mtDNA of 39 Acanthamoeba isolates and reference strains extracted according to the method described by Yagita and Endo (1990) were digested with 1-6 units of restriction enzyme at 37℃ for 2 hours, or sometimes overnight, in 20 µl reaction volume with the buffers specified for each restriction enzyme (EcoR I, Bgl II and Xba I, Promega, U.S.A.; Sst I, Gibco BRL, U.S.A., and Sal I, Cla I, Hpa I and Pvu II, Poscochem, Korea). Digested DNA was electrophoresed in 0.7% agarose gel at 4 v/cm for 1-2 hours. The gel was stained with ethidium bromide for 15 minutes and washed with glass distilled water for 30 minutes. The RFLP pattern of mtDNA of isolates was observed and photographed under an UV transilluminater. The Hind III digested λ phage DNA was used as the size marker.
The chromosomal DNA of each strain was extracted from Acanthamoeba trophozoites according to the method described by Kong and Chung (1996). PCR was performed as described by Chung et al. (1998). The PCR products of 39 Acanthamoeba isolates were checked by electrophoresis in 1.5% agarose gel at 4 V/cm for 1.5 hours. The amplified ssu rDNA was examined by digestion with eight restriction endonucleases (Msp I, Hae III, Hha I, Hinf I, Dde I, Alu I, Taq I, and Sau 96 I; Poscochem, Korea) for 2 hr. The digested DNA was electrophoresed in 2.5% agarose gel (agarose 3 : Nusieve 1) for 1.5 hr. AmplisizeR (Biorad, USA) was used as a size marker. The gel was stained, washed and photographed as described elsewhere. To differentiate small DNA fragments, which were unclear in agarose gel, digested samples were electrophoretically separated in 15% polyacrylamide gel using TBE buffer.


Mitochondiral DNA restriction phenotypes

Fig. 1 shows agarose-gel electrophoretic patterns of EcoR I digested mtDNA from 39 Acanthamoeba isolates. A total of 7 different restriction phenotypes emerged for the isolates by 8 kinds of restriction endonucleases (Table 2). The most common type was KA/LS1, 20 isolates out of 39 (51.3%), followed by KA/LS2, 8 (20.9%) and KA/LS5, 3 (7.7%). The other 8 isolates divided into 4 different types (KA/LS4, KA/LS7, KA/LS18 and KA/LS31) evenly. Fig. 2 represents representative patterns by each restriction enzyme.


The size of PCR products was approximately 2,300 bp. A total of 7 different rDNA PCR-RFLP patterns (KA/LS1, KA/LS2, KA/LS5, KA/LS4, KA/LS18, KA/LS7 and KA/LS31) emerged for 39 isolates from contact lens storage cases of lens wearers in Seoul. Inferred from a distance matrix table (data not shown) based on the proportions of homologous fragments and estimates of genetic divergence among 7 groups and 23 reference strains, a dendrogram (Fig. 3) was generated by UPGMA (PHYLIP ver 3.5).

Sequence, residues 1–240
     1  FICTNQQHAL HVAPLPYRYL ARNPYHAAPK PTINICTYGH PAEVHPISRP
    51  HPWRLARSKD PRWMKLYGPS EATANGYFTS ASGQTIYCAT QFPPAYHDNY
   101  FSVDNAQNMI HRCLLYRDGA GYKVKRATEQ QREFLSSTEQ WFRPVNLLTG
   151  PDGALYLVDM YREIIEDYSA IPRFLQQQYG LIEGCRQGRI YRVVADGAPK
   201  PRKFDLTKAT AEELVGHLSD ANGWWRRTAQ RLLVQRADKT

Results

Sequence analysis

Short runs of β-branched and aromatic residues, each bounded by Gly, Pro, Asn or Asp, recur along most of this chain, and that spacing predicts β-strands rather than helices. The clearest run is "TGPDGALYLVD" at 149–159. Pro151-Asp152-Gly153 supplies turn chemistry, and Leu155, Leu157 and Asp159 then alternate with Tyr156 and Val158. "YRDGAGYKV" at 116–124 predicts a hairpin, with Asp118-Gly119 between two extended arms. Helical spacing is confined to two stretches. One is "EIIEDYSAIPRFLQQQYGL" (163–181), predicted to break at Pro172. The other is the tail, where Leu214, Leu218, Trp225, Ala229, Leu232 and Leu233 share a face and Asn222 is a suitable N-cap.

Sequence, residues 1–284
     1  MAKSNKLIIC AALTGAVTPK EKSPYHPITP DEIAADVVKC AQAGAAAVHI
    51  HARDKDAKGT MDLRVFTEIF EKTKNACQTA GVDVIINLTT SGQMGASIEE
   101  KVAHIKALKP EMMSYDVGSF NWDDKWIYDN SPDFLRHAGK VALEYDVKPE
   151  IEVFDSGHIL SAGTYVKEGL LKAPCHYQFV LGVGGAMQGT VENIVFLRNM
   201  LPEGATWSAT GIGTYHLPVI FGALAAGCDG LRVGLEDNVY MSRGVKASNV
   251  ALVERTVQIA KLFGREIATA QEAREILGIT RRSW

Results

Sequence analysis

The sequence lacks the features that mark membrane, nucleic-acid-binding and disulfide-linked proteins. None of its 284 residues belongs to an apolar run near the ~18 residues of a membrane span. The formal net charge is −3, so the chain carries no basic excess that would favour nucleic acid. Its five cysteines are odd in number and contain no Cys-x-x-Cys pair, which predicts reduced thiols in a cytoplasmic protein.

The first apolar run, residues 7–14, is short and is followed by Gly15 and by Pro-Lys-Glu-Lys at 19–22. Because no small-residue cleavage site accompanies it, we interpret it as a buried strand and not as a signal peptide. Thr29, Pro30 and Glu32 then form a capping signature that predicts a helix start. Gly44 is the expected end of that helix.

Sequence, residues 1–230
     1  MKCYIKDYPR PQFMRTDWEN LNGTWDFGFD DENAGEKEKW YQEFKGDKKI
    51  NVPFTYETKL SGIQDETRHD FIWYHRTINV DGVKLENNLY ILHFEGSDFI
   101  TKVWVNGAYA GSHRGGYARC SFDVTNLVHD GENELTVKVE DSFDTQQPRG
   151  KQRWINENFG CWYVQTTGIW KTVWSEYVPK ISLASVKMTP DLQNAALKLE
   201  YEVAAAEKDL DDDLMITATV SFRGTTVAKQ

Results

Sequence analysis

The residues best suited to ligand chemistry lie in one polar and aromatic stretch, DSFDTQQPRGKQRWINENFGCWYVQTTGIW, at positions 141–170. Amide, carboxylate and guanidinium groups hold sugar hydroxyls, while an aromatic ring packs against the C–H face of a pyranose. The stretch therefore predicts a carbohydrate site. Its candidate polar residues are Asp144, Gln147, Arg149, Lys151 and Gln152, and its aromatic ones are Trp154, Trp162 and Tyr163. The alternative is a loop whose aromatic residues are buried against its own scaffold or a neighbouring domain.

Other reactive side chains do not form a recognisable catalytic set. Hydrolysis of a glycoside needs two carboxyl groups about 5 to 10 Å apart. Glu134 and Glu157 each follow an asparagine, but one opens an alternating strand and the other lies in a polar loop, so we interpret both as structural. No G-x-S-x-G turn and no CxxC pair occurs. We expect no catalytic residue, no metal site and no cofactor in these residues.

On the basis of rDNA PCR-RFLP, 33 out of 39 isolates were assigned to A. castellanii species complex, and two isolates to A. palestinensis. Remaining four isolates showed peculiar riboprint patterns. Twenty (KA/LS1 type) out of 33 isolates assigned to A. castellanii complex showed identical rDNA PCR-RFLP patterns to A. lugdunensis L3a strain. Eight isolates (KA/LS2 type) shared identical riboprint pattern with A. castellanii Ma strain. Five isolates (KA/LS5 and KA/LS18) revealed very similar riboprint patterns with A. castellanii Castellani strain.


Ribosomal RNA gene analysis has been used in phylogenetic studies of unculturable microbes (Weidner et al., 1996) and for the classification of morphologically indistinguishable protozoa (Clark et al., 1995; Clark and Diamond, 1997; Chung et al., 1998), and it has been generally accepted. The sequence of SSU rDNA is very useful as molecular data for phylogeny and taxonomy; however, the generation of sequence data is labor intensive and expensive, therefore, more than one isolate of a species is rarely analysed. Riboprinting, RFLP analysis of a PCR amplified rRNA gene is simple, inexpensive and fast, and can be used for the classification of Acanthamoeba spp. (Chung et al., 1998) especially when a large number of new isolates must be analysed for the survey.
Among the thirty-nine Acanthamoeba isolates obtained from contact lens storage cases, 37 isolates belonged exclusively to the morphological group II. The high prevalence of morphological group II Acanthamoeba was previously reported by Lee et al. (1997a). Almost all amoebic keratitis have been caused by infection with morphological group II Acanthamoeba in Korea (Hahn et al., personal communication). Furthermore, 31 isolates (79.5%) shared the identical mtDNA RFLP patterns (Table 2) with corneal isolates from amoebic keratitis patients; 20 isolates shared the identical mtDNA RFLP with KA/E2 or KA/E12, the corneal isolates from Korean patients, three with KA/E3, other corneal isolate, and eight with Ma strain, the corneal isolates from an American patient.
Lee et al. (1997b) reported that KA/E2 type was the most prevalently isolated from contact lens cases in the Southeast region (Pusan and Taegu) in Korea. The results of the present survey were similar: KA/E2 type was the most prevalent (Table 3). However, Ma type, which had not been isolated from the survey of the Southeast regions, was isolated at a rate of 20.5% in this survey. Ma type was the most prevalently isolated type (50.0%) from lens storage cases in the Southwest regions (Kwangju and Chonju) in Korea (unpublished data). Therefore, the results in this survey should be intermediate between those in the Southeast and Southwest regions in Korea.
These results showed that the riboprints and mtDNA RFLP patterns of great majority of Acanthamoeba isolates from the lens cases of Korean lens wearers were the same as those of the clinical isolates which could probably be regarded as keratopathogens. More attention should be paid to the prevention of Acanthamoeba contamination and to the disinfection of contact lens storage cases.


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Fig. 1